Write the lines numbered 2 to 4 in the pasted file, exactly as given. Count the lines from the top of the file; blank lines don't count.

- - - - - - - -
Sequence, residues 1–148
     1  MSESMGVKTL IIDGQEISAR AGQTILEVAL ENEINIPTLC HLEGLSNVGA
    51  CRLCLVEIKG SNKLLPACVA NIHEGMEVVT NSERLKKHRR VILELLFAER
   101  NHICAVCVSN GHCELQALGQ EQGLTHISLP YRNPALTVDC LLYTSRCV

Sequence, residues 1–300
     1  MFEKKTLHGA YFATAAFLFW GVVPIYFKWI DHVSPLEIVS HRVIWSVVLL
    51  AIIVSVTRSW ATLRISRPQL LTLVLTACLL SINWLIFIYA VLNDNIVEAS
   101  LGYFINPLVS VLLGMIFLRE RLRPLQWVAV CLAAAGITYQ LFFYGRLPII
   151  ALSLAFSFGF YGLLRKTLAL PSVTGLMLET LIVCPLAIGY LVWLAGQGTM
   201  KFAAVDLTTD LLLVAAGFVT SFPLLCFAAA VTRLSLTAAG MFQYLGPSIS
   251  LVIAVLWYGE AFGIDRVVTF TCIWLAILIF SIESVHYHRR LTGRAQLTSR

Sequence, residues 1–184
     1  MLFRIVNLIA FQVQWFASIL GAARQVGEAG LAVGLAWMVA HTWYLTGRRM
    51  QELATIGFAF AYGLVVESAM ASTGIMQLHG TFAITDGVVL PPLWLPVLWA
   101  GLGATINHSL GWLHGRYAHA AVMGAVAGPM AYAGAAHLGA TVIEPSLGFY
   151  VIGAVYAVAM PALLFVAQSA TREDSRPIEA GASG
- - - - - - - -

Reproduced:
     1  MSESMGVKTL IIDGQEISAR AGQTILEVAL ENEINIPTLC HLEGLSNVGA
    51  CRLCLVEIKG SNKLLPACVA NIHEGMEVVT NSERLKKHRR VILELLFAER
   101  NHICAVCVSN GHCELQALGQ EQGLTHISLP YRNPALTVDC LLYTSRCV